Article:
Pope Francis Quashes “Who am I to judge?” Speculation in Amoris Laetitia

Pope Francis Quashes “Who am I to judge?” Speculation in Amoris Laetitia April 11, 2016
"Nobody gets me," thought Pope Francis (Source: Flickr, Republic of Korea, 2014 Pastoral Visit of Pope Francis to Korea, CC by 2.0)
Pope Francis, man of hermeneutical sorrows (Source: Flickr, Republic of Korea, 2014 Pastoral Visit of Pope Francis to Korea, CC by 2.0).

The truncated statement, “Who am I to judge?,” caused a lot of consternation among certain kinds of Catholics. Some of them saw it as the prelude to a Church blessing of same-sex marriage. Others thought it was the prelude to the utter decline of Church into zeitgeist affirming irrelevance. Few read the statement in context. Let’s dive into it despite the fact that, as T.S. Eliot put it in The Four Quartets, “human kind / Cannot bear very much reality.”

Amoris Laetitia lays out the Church’s teaching clearly on same-sex unions:

In discussing the dignity and mission of the family, the Synod Fathers observed that, “as for proposals to place unions between homosexual persons on the same level as marriage, there are absolutely no grounds for considering homosexual unions to be in any way similar or even remotely analogous to God’s plan for marriage and family”. It is unacceptable “that local Churches should be subjected to pressure in this matter and that international bodies should make financial aid to poor countries dependent on the introduction of laws to establish ‘marriage’ between persons of the same sex.”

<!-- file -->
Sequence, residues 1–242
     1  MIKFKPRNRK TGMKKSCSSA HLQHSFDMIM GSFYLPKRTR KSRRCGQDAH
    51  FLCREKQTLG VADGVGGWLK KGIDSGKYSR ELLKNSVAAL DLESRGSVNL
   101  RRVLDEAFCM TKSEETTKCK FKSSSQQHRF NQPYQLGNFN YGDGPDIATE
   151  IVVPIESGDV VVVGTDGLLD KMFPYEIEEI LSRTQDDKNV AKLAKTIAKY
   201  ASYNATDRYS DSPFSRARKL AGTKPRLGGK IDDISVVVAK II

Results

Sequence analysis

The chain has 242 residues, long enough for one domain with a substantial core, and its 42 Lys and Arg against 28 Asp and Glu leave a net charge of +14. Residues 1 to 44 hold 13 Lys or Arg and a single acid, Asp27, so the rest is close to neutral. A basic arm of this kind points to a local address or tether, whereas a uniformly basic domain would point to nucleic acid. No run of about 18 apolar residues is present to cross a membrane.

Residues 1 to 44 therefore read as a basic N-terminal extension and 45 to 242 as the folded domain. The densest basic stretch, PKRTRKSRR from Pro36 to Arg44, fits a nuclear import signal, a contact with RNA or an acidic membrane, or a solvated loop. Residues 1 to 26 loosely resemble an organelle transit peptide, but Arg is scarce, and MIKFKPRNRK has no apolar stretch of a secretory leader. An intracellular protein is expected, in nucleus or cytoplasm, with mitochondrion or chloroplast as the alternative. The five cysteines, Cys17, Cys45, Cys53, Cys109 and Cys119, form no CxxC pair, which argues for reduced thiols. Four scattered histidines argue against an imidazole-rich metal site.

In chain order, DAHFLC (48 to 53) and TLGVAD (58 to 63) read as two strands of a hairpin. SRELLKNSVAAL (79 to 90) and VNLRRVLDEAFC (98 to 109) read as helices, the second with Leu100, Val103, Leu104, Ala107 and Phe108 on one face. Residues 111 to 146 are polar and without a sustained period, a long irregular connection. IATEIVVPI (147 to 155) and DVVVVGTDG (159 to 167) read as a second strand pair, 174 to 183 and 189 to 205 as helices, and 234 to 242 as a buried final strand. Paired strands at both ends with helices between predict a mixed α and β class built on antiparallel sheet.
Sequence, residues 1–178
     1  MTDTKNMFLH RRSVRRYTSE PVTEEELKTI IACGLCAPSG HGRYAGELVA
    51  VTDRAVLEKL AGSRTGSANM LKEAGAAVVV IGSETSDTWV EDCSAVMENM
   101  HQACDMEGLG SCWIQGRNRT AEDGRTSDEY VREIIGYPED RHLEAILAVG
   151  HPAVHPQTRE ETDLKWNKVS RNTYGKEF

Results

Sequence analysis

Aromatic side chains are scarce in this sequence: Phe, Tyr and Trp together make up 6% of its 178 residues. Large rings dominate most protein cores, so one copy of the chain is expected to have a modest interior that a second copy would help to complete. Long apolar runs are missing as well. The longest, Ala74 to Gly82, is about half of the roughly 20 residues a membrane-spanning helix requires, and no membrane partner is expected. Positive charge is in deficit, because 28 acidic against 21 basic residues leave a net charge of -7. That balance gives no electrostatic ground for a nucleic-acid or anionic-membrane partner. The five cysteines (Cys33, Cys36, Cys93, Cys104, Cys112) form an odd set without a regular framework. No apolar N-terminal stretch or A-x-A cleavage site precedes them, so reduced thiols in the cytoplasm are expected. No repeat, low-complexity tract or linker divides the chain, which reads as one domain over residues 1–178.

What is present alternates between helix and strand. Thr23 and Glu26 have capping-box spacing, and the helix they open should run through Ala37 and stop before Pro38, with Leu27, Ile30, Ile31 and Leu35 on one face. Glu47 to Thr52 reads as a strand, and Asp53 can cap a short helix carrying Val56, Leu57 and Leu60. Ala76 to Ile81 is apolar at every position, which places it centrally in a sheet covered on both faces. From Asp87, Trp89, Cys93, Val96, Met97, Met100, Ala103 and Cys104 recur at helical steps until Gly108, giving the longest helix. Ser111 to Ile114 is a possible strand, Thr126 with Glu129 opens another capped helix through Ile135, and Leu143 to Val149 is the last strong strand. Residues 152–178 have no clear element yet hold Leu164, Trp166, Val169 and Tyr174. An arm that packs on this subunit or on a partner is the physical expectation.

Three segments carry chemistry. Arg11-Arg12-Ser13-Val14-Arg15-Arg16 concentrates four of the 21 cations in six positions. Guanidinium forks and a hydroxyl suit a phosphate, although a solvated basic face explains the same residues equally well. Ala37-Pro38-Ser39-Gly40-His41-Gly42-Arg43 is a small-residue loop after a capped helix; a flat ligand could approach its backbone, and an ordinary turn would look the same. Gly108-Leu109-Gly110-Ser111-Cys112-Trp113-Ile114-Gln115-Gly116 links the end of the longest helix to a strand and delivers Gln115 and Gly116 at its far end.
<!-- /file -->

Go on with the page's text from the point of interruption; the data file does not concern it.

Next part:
This comes as no surprise since in his recently released book-long interview, The Name of God is Mercy, Pope Francis already clarified how the “Who am I to judge?” statement was not a departure from traditional Catholic teaching:

On that occasion I said this: If a person is gay and seeks out the Lord and is willing, who am I to judge that person? I was paraphrasing by heart the Catechism of the Catholic Church where it says that these people should be treated with delicacy and not be marginalized.

I am glad that we are talking about ‘homosexual people’ because before all else comes the individual person, in his wholeness and dignity. And people should not be defined only by their sexual tendencies: let us not forget that God loves all his creatures and we are destined to receive his infinite love. I prefer that homosexuals come to confession, that they stay close to the Lord, and that we pray all together. You can advise them to pray, show goodwill, show them the way, and accompany them along it.

Here is the passage from the Catechism of the Catholic Church (#25338) paraphrased by the pope and also footnoted in the passage from Amoris Laetitia I quoted above:

The number of men and women who have deep-seated homosexual tendencies is not negligible. This inclination, which is objectively disordered, constitutes for most of them a trial. They must be accepted with respect, compassion, and sensitivity. Every sign of unjust discrimination in their regard should be avoided. These persons are called to fulfill God’s will in their lives and, if they are Christians, to unite to the sacrifice of the Lord’s Cross the difficulties they may encounter from their condition.

Finally, for those who are still doubtful, going on what they’ve read in the press, here is the full context of the “Who am I to judge statement?” from the press conference on a flight from Rio to Rome: